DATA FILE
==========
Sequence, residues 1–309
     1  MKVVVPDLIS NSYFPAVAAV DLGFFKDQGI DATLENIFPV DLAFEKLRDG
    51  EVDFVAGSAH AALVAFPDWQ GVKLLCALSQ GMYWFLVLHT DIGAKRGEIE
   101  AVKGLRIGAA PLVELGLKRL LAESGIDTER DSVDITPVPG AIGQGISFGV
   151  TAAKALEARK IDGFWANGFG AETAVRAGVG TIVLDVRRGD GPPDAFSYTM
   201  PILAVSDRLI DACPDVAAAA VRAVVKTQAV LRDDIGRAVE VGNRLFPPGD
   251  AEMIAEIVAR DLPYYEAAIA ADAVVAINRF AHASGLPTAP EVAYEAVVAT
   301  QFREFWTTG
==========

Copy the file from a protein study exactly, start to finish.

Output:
Sequence, residues 1–309
     1  MKVVVPDLIS NSYFPAVAAV DLGFFKDQGI DATLENIFPV DLAFEKLRDG
    51  EVDFVAGSAH AALVAFPDWQ GVKLLCALSQ GMYWFLVLHT DIGAKRGEIE
   101  AVKGLRIGAA PLVELGLKRL LAESGIDTER DSVDITPVPG AIGQGISFGV
   151  TAAKALEARK IDGFWANGFG AETAVRAGVG TIVLDVRRGD GPPDAFSYTM
   201  PILAVSDRLI DACPDVAAAA VRAVVKTQAV LRDDIGRAVE VGNRLFPPGD
   251  AEMIAEIVAR DLPYYEAAIA ADAVVAINRF AHASGLPTAP EVAYEAVVAT
   301  QFREFWTTG